South Australian teacher Bridget Kennelly recently spent a month living and working with the Good Samaritan Sisters in Kiribati. It wasn’t her first visit to Kiribati, though. Last year Bridget was one of 12 teachers from South Australia who participated in a 12-day outreach experience in Kiribati.
Known as the “Kiribati Commitment”, a special partnership launched in 2015 between Catholic Education in the Port Pirie Diocese and the Sisters of the Good Samaritan, the outreach program aims to provide young teachers in the Port Pirie Diocese with an opportunity to live and work alongside the Good Samaritan Sisters in Kiribati and to be immersed in broader community life.
Bridget found last year’s experience so good – “brilliant” in fact – that during her long-service leave from school this year, she returned for a month. We caught up with Bridget recently to find out about her recent visit to Kiribati.
How did you find your month-long experience in Kiribati with the sisters and connecting with the local people and place?
Bridget: “I thoroughly enjoyed my time in Kiribati. I find it hard to put into words as it was such a moving and influential time for me. It was a very different experience to being in Kiribati the last time (part of the Port Pirie Diocese Kiribati Commitment in July 2016). Going by myself this time as part of my long-service leave from my teaching role at St James School, Jamestown, enabled me to be engaged more personally in the daily life of the sisters and to establish closer relationships with the sisters and the iKiribati people.”
What was the purpose of this extended visit/experience?
Bridget: “The purpose of my visit was to have a ‘renewal time’ from my 15-year teaching career: [to] explore and enrich my own faith journey; renew my perspective on life; and to experience the sisters’ way of life, both spiritually and practically. It was a time of personal reflection and to learn from the iKiribati people and the rich culture they have. I wanted to offer my time and talents to the iKiribati people, yet I found they offered far more in return, in the way they taught me simplicity, generosity and humility more than I could have imagined.”
What did you do while you were there?
Bridget: “While I was in Kiribati, I spent two weeks with the sisters at Temaiku, and two-and-a-half weeks with the sisters at Abaokoro. Whilst at Temaiku, I took part in their community ministry: praying Lectio Divina in a variety of contexts; visiting the prison, the mental health ward; praying with the local enquirers; and various other community works. I particularly enjoyed being part of the ‘Faith and Light’ ministry, bringing together the disabled people from South Tarawa in prayer and community. I was also there for the Marist brothers’ 200th anniversary, of which the Good Sams attended and celebrated with the Marist and OLSH communities this significant milestone.”
“At Abaokoro I participated in their daily pre-school ministry, and various works around the Abaokoro convent. I also spent time with the pre-novices, teaching them English and supporting them in their faith journey. I visited the local primary school and junior secondary school with the pre-novices for religious instruction. We also had time together to relax with fishing, swimming, talking and learning from each other and time with the villagers, joining them for Lectio Divina and various community celebrations (1st birthday and 21st birthday). I was fortunate to be at Abaokoro for their ‘cultural day’, where the children marched and took part in traditional games and events.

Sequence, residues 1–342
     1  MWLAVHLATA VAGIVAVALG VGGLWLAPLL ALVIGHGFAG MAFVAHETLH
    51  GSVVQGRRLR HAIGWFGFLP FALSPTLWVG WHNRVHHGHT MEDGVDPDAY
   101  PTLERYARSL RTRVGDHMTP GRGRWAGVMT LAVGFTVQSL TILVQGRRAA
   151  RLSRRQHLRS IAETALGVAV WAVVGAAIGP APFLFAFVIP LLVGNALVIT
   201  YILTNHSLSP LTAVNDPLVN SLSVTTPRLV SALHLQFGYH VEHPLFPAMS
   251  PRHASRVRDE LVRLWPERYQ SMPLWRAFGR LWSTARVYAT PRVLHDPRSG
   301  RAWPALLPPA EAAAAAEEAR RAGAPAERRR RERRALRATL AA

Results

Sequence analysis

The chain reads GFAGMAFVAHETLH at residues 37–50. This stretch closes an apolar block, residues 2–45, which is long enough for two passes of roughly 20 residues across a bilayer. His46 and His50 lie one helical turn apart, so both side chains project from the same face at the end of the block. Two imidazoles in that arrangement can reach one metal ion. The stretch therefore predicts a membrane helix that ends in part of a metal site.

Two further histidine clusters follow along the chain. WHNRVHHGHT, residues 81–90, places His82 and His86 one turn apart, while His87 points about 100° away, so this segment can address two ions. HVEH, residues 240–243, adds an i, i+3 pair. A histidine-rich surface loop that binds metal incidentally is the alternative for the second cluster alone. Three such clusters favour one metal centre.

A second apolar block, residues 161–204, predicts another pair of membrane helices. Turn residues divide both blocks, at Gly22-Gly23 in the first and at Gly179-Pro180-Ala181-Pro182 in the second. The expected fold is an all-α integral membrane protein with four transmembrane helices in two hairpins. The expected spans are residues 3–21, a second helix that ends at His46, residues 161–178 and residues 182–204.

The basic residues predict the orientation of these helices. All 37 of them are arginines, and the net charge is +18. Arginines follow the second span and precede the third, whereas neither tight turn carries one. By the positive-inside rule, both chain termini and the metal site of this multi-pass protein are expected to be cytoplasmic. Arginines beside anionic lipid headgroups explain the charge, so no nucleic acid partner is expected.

“Each and every day in Kiribati was a joy, beginning with morning prayer together, and ending with evening prayer together, giving thanks and praise to God for each new day. We enjoyed our evenings with many a game of Rummiking and Uno and shared so many laughs and conversations together, getting to know each other more and sharing our lives and experiences.”
How has this experience impacted on you, shaped you? Has it shaped any future directions for you?
Bridget: “This experience has had an enormous impact on me. ‘To live happily and simply’ is the most succinct way I can put what I learnt from the people of Kiribati. The iKiribati people are only too happy to welcome you and to make you feel at ease. The sisters have a charism of such enormous hospitality and compassion. I was so refreshed by the unconditional love they have for everyone: each other; the most disadvantaged in the community; the children and adults they work with and see each day; and any visitors they have. The sisters truly act out the Parable of the Good Samaritan and also Matthew 25:40 ‘Whatever you do to the least of my people you do it to me’, in some of their most significant ministry to the disadvantaged, such as the disabled, the prisoners and the elderly, and the children. I look forward in the future to recognising and answering to any opportunities which may arise in answering God’s call to the disadvantaged and to be open and compassionate to all, be this in Kiribati, in my own community or elsewhere.
“I have come back to Australia with fresh eyes, yet again. My heart has a very special place for the sisters and the people in Kiribati. They opened my eyes, and my heart from my last visit in 2016; from this visit, it is only ‘more’ open now to the call of God. The sisters in Kiribati are such a breath of fresh air in a busy world. Their hearts shine with compassion and love for all they meet and I feel truly blessed to have experienced the ‘Hands of God’ in Kiribati through my stay with the sisters.”